GSK To Donate 50M H1N1 Vaccine Doses To WHO In Coming Months
Drugmaker GlaxoSmithKline announced plans on Tuesday to donate 50 million doses of its H1N1 (swine flu) vaccine to the WHO for use in developing countries within the next few months, Reuters reports. "We expect to start receiving [the first of the H1N1 doses] at the end of the month or early December and that the full 50 million will come by the end of spring," WHO spokesman Gregory Hartl said, adding, "We hope it is the first of many donations."
"This is a real gesture of global solidarity towards those who would not be otherwise able to have access to the vaccine," WHO Director-General Margaret Chan said in a statement. "WHO will now work to see that these vaccines are distributed to those who need them." The WHO currently has a "list of 95 developing countries eligible to receive donated vaccines" and will aim to secure "enough vaccines to cover 10 percent of their populations," the news service writes. (Nebehay/MacInnis, 11/10).
In related news, NPR's "Morning Edition" reports on how U.S. shortages of the antiviral Tamiflu have led CDC to consider "importing a generic flu drug from India." Antiflu, produced by the company Cipla, "costs 20 to 30 percent less than the brand-name drug. ... There's just one problem: Tamiflu, the brand-name drug, is still under U.S. patent," according to NPR.
"To import Antiflu before 2016, the U.S. government would have to override patent law, which it would likely only do in a real emergency," NPR writes. Though Antiflu has been approved by the WHO, it has not yet received FDA approval. The piece examines Cipla's history as a producer of generic drugs that the company sells at "cheap prices in the developing world" "[t]he most famous of these is Cipla's generic anti-retroviral drug. In developed countries, anti-retrovirals cost around $6,000 per patient per year; the Indian generic version is available in the developing world for $800." The piece also includes comments by the chairman of Cipla (11/10).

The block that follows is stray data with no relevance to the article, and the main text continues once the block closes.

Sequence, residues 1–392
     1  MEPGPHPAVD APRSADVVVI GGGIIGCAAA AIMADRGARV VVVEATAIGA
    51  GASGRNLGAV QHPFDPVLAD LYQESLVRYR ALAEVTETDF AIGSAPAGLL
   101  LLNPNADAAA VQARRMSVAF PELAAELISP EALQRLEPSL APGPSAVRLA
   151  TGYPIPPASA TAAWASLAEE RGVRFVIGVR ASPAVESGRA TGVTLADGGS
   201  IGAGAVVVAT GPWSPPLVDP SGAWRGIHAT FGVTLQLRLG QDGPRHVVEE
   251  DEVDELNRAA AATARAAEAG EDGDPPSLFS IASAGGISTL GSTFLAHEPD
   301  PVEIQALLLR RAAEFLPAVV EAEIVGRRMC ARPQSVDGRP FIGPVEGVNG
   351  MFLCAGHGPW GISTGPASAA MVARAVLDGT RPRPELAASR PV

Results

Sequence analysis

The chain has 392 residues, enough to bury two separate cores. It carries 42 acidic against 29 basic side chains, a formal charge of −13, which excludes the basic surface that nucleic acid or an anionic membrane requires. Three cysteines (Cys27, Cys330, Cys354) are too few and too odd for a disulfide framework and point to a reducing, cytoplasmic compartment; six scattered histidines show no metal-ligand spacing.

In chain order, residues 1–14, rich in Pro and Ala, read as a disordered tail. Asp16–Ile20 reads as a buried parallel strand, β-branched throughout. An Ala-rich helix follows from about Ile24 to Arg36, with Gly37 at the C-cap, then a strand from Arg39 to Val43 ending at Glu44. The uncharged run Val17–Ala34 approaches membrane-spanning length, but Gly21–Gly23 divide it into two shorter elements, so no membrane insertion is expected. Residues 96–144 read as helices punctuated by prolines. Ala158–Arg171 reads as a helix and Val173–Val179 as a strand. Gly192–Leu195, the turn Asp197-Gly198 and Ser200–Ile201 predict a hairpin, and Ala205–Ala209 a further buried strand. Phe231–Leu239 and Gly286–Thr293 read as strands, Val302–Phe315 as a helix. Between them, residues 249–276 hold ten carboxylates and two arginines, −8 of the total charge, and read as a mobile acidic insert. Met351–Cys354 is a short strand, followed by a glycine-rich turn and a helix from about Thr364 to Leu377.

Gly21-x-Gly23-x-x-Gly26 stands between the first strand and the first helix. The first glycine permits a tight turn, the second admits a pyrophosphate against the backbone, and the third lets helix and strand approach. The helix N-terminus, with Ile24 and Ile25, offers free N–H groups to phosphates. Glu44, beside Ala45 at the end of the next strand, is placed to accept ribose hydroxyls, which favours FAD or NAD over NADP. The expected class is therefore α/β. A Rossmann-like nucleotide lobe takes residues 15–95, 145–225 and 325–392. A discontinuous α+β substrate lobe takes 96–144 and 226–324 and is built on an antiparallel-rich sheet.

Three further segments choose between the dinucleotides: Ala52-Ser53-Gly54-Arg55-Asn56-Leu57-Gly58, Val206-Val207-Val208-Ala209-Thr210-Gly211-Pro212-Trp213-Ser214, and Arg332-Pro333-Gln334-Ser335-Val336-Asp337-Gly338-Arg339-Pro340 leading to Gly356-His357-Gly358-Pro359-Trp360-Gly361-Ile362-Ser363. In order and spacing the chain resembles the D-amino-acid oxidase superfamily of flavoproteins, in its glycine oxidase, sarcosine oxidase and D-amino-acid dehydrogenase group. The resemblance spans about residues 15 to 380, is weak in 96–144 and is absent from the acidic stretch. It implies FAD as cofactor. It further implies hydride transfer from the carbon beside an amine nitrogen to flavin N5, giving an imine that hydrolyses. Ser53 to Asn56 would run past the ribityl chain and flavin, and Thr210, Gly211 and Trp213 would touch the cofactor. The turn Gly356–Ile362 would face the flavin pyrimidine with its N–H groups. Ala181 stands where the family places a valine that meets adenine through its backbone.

In other news, Reuters reports on pilgrims preparing for the annual hajj: "Since the World Health Organisation (WHO) declared the virus a pandemic in June, experts feared that the 3 million pilgrims, from over 160 countries, congregating around Mecca's holy sites this month will aid in the transmission of the virus, initiate waves of outbreaks worldwide and strain healthcare systems," the news service writes.
According to Reuters, "About 580,000 pilgrims have so far arrived to the Western region of Saudi Arabia, site of the two holy mosques in Mecca and Medina, in preparation for the pilgrimage that will start on November 26." The article includes details on how Saudi authorities are attempting to conduct health screens on pilgrims as they arrive at airports and sea ports (Alsharif, 11/10).This is part of the KHN Morning Briefing, a summary of health policy coverage from major news organizations. Sign up for an email subscription.